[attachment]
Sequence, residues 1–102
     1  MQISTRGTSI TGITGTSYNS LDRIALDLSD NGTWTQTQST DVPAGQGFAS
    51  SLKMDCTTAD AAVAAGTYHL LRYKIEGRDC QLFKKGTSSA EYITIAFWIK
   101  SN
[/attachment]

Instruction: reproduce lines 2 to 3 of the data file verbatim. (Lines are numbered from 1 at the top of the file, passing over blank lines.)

     1  MQISTRGTSI TGITGTSYNS LDRIALDLSD NGTWTQTQST DVPAGQGFAS
    51  SLKMDCTTAD AAVAAGTYHL LRYKIEGRDC QLFKKGTSSA EYITIAFWIK